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Sex Transm Dis. 2012 Feb;39(2):92-6. doi: 10.1097/OLQ.0b013e31823e2ff7.

Chlamydia trachomatis trends in the United States among persons 14 to 39 years of age, 1999-2008.

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  • 1National Center for HIV/AIDS, Viral Hepatitis, STD and TB Prevention, Centers for Disease Control and Prevention, Atlanta, GA, USA.



We report the first population-based assessment of national trends in chlamydia prevalence in the United States.


We investigated trends in chlamydia prevalence in representative samples of the U.S. population aged 14 to 39 years using data from five 2-year survey cycles of the National Health and Nutrition Examination Survey from 1999 to 2008. Prevalence estimates and 95% confidence intervals (CI) are reported stratified by age, gender, and race/ethnicity. Percent change in prevalence over this time period was estimated from regression models.


In the 2007-2008 cycle, chlamydia prevalence among participants aged 14 to 39 years was 1.6% (95% CI: 1.1%-2.4%). Prevalence was higher among females (2.2%, 95% CI: 1.4%-3.4%) than males (1.1%, 95% CI: 0.7%-1.7%). Prevalence among non-Hispanic black persons was 6.7% (95% CI: 4.6%-9.9%) and was 2.5% (95% CI: 1.6%-3.8%) among adolescents aged 14 to 19 years. Over the five 2-year cycles, there was an estimated 40% reduction (95% CI: 8%-61%) in prevalence among participants aged 14 to 39 years. Decreases in prevalence were notable in men (53% reduction, 95% CI: 19%-72%), adolescents aged 14 to 19 years (48% reduction, 95% CI: 11%-70%), and adolescent non-Hispanic black persons (45%, reduction, 95% CI: 4%-70%). There was no change in prevalence among females aged 14 to 25 years, the population targeted for routine annual screening.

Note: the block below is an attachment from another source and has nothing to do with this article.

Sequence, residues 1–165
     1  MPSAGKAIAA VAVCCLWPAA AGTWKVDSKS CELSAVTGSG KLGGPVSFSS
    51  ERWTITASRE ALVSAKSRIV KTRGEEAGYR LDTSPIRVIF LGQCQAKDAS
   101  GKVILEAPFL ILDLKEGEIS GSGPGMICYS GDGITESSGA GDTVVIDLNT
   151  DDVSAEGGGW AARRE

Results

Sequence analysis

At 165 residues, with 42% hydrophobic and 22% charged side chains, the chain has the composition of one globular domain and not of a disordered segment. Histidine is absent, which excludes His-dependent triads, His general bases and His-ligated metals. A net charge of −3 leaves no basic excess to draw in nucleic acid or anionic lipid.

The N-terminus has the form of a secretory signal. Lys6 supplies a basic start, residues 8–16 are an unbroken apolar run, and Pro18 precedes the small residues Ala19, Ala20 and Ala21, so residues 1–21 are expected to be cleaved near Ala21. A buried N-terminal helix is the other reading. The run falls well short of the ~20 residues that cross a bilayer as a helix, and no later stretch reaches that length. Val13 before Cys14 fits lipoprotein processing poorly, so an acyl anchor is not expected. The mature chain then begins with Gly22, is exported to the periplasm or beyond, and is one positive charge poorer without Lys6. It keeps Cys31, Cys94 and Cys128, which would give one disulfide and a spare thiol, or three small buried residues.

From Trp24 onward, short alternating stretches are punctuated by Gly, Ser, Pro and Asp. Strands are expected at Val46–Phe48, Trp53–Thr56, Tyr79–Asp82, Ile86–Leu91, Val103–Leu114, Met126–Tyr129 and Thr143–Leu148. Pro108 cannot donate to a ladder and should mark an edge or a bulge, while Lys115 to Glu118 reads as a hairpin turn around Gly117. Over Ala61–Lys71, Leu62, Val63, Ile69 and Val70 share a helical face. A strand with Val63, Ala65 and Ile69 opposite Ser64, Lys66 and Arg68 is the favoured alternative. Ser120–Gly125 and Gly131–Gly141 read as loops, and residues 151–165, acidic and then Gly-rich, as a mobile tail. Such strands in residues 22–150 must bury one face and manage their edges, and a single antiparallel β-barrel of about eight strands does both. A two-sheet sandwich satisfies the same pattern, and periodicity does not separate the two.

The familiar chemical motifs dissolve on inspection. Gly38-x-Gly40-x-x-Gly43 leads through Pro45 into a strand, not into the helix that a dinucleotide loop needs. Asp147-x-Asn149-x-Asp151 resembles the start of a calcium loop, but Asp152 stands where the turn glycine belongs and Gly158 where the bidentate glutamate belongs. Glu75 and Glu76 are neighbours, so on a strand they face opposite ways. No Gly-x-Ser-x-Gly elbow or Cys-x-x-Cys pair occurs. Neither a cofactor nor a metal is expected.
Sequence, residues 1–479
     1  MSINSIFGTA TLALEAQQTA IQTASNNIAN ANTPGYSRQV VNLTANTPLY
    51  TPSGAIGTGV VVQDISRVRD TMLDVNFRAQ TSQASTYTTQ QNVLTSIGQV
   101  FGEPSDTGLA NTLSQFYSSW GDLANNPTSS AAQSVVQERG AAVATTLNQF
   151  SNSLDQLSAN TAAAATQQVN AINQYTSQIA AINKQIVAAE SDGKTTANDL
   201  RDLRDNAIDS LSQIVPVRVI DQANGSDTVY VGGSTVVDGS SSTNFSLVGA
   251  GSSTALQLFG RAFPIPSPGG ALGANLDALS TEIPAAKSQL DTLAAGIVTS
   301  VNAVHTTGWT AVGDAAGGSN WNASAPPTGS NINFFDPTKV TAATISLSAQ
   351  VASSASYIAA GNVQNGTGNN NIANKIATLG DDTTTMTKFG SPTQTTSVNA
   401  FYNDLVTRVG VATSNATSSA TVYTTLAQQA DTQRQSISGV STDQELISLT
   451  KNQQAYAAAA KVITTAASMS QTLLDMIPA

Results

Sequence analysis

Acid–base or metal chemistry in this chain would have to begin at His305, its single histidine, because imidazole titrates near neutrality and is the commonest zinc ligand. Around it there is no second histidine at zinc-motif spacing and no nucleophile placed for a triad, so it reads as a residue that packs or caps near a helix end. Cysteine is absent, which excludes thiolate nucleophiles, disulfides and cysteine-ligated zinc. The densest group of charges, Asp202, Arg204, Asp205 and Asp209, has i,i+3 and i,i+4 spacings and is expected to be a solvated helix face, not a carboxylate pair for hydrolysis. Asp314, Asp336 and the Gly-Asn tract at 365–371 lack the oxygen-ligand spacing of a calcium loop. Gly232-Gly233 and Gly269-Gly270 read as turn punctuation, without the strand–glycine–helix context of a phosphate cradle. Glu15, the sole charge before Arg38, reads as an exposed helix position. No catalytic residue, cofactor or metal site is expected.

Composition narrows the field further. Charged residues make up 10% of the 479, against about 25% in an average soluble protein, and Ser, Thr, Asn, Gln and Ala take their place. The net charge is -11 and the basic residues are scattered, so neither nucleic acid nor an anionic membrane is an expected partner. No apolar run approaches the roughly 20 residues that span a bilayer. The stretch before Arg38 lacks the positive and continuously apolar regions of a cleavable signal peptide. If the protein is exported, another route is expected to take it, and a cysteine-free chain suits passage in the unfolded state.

On the basis of population estimates of chlamydia prevalence, the overall chlamydia burden in the United States decreased from 1999 to 2008. However, there remains a need to reduce prevalence in populations most at risk and to reduce racial disparities.

[PubMed - indexed for MEDLINE]
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